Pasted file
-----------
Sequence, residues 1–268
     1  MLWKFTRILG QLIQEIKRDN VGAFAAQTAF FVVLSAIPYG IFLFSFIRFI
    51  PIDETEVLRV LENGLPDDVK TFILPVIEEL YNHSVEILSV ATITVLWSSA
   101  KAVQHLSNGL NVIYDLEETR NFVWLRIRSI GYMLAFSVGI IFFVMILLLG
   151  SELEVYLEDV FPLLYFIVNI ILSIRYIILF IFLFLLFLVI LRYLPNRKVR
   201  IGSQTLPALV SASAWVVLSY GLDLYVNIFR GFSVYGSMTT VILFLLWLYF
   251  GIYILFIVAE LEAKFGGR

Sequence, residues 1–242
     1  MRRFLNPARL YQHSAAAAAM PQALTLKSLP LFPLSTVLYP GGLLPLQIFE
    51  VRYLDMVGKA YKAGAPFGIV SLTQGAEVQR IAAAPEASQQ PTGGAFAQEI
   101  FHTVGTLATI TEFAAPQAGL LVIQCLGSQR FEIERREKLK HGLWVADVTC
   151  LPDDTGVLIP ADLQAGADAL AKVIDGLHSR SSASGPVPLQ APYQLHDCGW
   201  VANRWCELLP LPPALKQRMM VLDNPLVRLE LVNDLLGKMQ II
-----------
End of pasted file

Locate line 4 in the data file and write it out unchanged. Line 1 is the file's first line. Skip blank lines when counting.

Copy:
   101  KAVQHLSNGL NVIYDLEETR NFVWLRIRSI GYMLAFSVGI IFFVMILLLG